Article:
Is Project Windless the next PUBG? Krafton is betting big on this one

August 26, 2021

Krafton is best known as the company behind PUBG, taking the scrappy battle royale and turning it into something much bigger thanks to mobile versions, surprisingly expansive lore, and soon even a horror spinoff. Now the company is hoping to build the next big fantasy series after licensing the Korean novel The Bird That Drinks Tears by Lee Yeong-do, with the goal of creating a multimedia franchise that extends to games and beyond.

“Project Windless,” as it’s known right now, is still in its earliest stages. Krafton art director Kwang Jae Son and renowned concept artist Iain McCaig — who has worked on the likes of Star Wars and Harry Potter — are currently creating what’s described as a “visual bible” for the series. “It’s basically groundwork to first bring the book to life,” Son explains.

Son described the novel, which has a focus on Korean folklore, as “The biggest charm of [Lee Yeong-do]’s works, especially The Bird That Drinks Tears, is that everything is novel. There are races where chickens and snakes are humanized, not to mention monsters from Korean folklore. Lee Yeong-do’s stories introduce a diverse element of novelty and each element organically interacts to create a unique world. It is difficult to visualize all these elements, but I am always mesmerized by the originality of the world he created.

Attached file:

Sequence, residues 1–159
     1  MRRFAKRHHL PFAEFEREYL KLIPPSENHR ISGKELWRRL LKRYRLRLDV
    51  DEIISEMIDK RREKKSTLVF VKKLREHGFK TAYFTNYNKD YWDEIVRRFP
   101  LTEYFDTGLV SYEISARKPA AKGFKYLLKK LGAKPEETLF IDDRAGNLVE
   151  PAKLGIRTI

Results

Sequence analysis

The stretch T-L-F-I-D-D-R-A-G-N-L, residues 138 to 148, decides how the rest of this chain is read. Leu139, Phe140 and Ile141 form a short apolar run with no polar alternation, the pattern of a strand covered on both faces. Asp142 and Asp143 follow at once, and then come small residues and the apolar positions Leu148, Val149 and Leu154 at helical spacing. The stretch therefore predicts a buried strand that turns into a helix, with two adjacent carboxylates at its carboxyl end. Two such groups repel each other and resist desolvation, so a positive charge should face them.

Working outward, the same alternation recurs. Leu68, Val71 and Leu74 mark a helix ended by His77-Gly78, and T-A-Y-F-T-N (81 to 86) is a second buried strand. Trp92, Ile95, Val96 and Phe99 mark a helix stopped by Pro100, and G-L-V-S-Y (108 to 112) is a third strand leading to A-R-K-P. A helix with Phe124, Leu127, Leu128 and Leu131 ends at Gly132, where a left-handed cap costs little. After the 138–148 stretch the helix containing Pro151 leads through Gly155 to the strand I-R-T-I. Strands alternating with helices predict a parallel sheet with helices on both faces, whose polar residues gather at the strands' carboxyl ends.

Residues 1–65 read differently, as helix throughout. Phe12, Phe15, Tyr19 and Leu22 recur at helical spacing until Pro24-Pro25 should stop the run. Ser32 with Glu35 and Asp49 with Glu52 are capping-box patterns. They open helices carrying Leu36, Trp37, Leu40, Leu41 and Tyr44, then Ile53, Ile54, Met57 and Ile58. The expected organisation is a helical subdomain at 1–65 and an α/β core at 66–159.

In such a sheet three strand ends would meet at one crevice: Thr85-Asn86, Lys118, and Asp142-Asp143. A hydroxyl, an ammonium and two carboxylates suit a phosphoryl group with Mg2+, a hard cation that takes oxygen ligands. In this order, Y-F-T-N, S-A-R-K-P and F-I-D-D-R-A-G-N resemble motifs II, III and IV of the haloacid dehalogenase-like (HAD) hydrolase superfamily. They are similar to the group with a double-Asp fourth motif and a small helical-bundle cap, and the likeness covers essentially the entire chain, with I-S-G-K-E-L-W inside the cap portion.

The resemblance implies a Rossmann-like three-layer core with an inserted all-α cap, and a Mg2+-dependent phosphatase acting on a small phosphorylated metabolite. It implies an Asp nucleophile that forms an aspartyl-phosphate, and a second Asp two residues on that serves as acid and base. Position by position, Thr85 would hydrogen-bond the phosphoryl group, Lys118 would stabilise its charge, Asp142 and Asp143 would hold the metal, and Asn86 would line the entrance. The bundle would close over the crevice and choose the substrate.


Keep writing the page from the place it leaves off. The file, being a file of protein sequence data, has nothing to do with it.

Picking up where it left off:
The beauty of this world is that it tells stories with contradictions and paradoxes. The greatest beings leave their ugliest traces, and those that you truly loved betray you. These extreme pieces of the story throw questions to the readers, which makes the book’s themes more resonant and personal. It’s quite philosophical and can be analyzed and interpreted in a variety of ways. You could find that these elements make the novel challenging, but I think that that’s what make it even greater. Depending on the values a reader holds, the theme constantly changes.”

According to McCaig, the process of visualizing the novel is similar to work he’s done in the past. “I always look for through-lines — things that connect and run throughout the entire saga — and visual themes that we can build upon and pay off later, too,” he says. “It’s part detective work, part archaeology, part treasure hunt.” The visual bible is still being worked on, and the duo expect to complete it by the end of the year. “The visual bible for The Bird That Drinks Tears will be provided to various artists, writers, and directors who will expand this work, so we are concentrating on building the world based on the story, character, and understanding of the original novel,” says Son.

by Anil George
Avid follower of all things tech. In between his quest for the ultimate gizmo, Anil fiddles with light meters, collects rare books and feeds his fetish for Jap horror movies. As Managing Editor of T3 Middle East for the GCC, Anil oversees content direction across print and digital. He was a CES 2020 Innovation Awards Judge, reprising his role as an Innovation Awards Judge at CES 2018, CES 2017, 2016 and 2015. Anil is also the Middle East's first Brand Ambassador for Ashdown Engineering. Reach him at: editor@t3me.com.